In Grier WVU Trusts

In Grier WVU Trusts


MORGANTOWN, W.Va. — In the end, football is a simple game.

Sure, they try to make you think it’s complicated. Playbooks thicker than the Manhattan — and that’s New York, not Kansas — telephone directory. More tape than the NBC television network. Rule books that you need a Ph.D. to decipher.

There’s more coaches than English professors in the English department, more statistics than the census bureau ever dreamed of and to broadcast a game they need a play-by-play man, a color commentator, a sideline reporter, a rules expert, a four-man or woman pre-game panel and more technicians than NASA used to send man to the moon.

And, you know what?

In the end it usually comes down to the best quarterback wins.

West Virginia quarterback Will Grier rolls out

Who’s No. 1 in the nation? Alabama. How good is their quarterback, Tua Tagovailoa?

Good enough that he forced them to bench a player who was 26-2 over the past seasons, winning one national championship.

And closer to home, look at the Big 12.

There are four teams with one or two conference losses — West Virginia and Oklahoma with one, Iowa State and Texas with two.

Who are their quarterbacks?

West Virginia Will Grier, Oklahoma Kyler Murray, Iowa State Alan Bowman and Texas Sam Ehlinger.

Now looking at passing efficiency. It goes this way: 1. Murray, 2. Grier, 3. Tyler Cornelius, Oklahoma State, 4. Bowman, 5. Ehlinger.

OK, Cornelius sneaks in there at No. 3 but, know that he came within a two-point conversion of beating Oklahoma this week, passing for 501 yards and 3 touchdowns.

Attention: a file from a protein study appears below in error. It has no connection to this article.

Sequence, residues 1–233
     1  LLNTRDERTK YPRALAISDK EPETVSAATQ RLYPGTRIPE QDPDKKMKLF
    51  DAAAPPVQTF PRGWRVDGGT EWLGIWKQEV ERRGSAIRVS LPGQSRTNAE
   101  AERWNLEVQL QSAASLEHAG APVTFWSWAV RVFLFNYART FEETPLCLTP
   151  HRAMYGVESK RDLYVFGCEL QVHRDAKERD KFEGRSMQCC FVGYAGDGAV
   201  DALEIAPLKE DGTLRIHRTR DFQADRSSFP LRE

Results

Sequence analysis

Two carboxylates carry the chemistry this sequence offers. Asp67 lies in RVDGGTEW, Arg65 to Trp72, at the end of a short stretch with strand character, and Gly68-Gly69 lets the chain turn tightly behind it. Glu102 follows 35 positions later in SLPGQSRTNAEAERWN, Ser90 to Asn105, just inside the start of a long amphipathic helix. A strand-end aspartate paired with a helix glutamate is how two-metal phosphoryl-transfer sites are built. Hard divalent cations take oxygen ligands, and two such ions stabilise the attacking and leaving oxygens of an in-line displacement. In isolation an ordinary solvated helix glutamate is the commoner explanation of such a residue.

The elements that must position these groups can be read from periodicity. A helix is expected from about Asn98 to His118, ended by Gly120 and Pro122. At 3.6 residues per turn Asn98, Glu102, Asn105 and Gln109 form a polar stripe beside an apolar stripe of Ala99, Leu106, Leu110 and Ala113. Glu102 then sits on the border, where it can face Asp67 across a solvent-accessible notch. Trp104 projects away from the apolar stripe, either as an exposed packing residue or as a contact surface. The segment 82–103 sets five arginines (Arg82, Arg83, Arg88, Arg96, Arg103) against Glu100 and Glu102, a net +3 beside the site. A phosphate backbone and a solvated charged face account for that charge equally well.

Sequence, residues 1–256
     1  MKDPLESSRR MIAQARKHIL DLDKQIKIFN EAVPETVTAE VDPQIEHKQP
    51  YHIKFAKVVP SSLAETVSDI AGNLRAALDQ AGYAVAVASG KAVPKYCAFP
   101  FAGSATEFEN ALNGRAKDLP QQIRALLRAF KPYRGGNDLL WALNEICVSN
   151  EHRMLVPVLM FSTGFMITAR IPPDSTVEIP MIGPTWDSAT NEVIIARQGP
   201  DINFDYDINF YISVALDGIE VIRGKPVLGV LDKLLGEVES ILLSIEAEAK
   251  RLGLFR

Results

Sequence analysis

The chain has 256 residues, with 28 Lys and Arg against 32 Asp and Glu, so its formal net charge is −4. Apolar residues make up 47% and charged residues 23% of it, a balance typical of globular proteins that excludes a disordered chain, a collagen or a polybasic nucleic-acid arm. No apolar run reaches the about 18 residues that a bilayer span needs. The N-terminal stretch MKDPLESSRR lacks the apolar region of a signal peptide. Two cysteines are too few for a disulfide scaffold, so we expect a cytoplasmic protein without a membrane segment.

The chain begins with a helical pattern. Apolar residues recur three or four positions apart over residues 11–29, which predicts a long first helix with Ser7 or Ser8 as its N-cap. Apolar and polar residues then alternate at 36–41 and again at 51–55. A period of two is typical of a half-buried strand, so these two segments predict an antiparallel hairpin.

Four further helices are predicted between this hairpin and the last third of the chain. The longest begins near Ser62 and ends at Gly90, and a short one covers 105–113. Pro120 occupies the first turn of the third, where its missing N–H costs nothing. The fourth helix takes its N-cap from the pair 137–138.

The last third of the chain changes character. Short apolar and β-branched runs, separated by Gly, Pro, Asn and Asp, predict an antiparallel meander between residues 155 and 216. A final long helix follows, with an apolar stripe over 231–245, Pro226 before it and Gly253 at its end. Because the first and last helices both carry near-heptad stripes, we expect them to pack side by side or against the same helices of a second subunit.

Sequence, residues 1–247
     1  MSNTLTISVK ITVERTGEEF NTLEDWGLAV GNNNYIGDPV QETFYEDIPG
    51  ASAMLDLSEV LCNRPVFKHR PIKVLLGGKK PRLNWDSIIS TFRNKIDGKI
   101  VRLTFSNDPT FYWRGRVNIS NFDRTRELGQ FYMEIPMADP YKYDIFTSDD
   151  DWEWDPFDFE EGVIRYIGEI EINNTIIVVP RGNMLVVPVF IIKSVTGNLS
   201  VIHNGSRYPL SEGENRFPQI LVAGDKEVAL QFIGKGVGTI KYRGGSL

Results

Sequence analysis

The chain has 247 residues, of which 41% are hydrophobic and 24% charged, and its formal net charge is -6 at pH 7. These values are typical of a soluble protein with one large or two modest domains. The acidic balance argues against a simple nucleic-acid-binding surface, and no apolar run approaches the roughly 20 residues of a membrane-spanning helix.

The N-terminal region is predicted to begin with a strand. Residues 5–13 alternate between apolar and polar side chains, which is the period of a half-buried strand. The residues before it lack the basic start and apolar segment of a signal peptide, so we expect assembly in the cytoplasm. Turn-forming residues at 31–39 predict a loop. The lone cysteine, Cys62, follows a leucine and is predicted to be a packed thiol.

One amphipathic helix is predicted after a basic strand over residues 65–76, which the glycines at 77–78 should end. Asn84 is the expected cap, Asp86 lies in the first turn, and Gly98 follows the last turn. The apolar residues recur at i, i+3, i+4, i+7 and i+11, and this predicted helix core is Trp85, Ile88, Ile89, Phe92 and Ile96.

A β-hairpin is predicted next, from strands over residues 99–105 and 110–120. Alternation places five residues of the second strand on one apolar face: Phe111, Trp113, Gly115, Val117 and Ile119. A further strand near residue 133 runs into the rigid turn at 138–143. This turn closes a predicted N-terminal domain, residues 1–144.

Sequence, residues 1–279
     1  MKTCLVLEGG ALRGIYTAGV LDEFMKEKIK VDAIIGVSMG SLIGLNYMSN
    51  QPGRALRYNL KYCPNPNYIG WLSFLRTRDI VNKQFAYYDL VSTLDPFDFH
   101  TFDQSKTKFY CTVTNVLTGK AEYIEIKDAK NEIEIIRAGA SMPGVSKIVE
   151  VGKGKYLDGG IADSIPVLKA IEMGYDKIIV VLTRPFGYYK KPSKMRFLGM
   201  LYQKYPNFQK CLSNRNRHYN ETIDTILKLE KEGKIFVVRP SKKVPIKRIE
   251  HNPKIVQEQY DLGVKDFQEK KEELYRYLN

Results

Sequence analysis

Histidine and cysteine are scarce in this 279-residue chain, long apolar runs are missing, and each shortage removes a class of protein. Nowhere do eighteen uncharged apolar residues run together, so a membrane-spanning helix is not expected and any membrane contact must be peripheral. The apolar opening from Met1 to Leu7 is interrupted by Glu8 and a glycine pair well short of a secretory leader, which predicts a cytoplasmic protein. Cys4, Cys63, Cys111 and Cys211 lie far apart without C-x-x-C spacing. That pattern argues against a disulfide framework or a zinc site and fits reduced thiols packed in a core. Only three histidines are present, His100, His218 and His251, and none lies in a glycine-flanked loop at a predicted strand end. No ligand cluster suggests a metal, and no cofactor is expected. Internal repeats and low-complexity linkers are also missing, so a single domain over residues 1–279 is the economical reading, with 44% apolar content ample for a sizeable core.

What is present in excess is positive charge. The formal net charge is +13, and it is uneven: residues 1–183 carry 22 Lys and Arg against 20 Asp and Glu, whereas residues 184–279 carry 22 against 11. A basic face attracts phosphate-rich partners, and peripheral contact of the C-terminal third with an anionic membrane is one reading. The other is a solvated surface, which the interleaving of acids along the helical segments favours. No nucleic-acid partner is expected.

That’s football.

And that’s why West Virginia has so much faith in itself.

There’s other factors, sure, but Grier is the hammer and as they go into their final two games facing Cornelius at Oklahoma State and Murray when Oklahoma comes to town the day after Thanksgiving, they believe in Will Grier.

“He’s coming off his best performance yet,” WVU coach Dana Holgorsen said during Monday’s Big 12 coaches conference call. “He played lights out. He controlled the whole game.”

That was, of course, against TCU.

Yes, this is a down season for the Horned Frogs, but it is a defense proven over the years.

Grier, though, seemed to have a grasp on everything they tried to do.

“Gary (Patterson) does such a great job of coaching up the defense … everything was contested but Will put guys in position to make plays all game” Holgorsen said. “We scored 47 on them and that doesn’t happen to them very often … and that’s because of Will Grier.

“He controlled the tempo. He understood when to push it, when not to push it. He understood what they were doing defensively and got us into better plays. He was accurate. Shoot, I think he only missed like two passes, but there were like five drops.

“He managed everything pretty well and we are going to need that kind of performance every week.”

Grier, you see, is not just an arm back there. He is a thinking man’s quarterback, he is what they used to call a field general, someone who has earned the respect of those around him and sets the tone for the game.

It is the same thing you have seen in all the great quarterbacks from Tom Brady back to Bobby Layne, from Joe Namath to Brett Favre, from Joe Montana to Bart Starr to Troy Aikman.

They think, they play, they compete, they lead… and in the Big 12 there are a lot of those types of players who define the league itself and who make the difference between champions and also-rans.

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    Bob Hertzel
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    In Grier WVU Trusts MORGANTOWN, W.Va. — In the end, football is a simple game. Sure, they try to make you think it’s complicated. Playbooks thicker th
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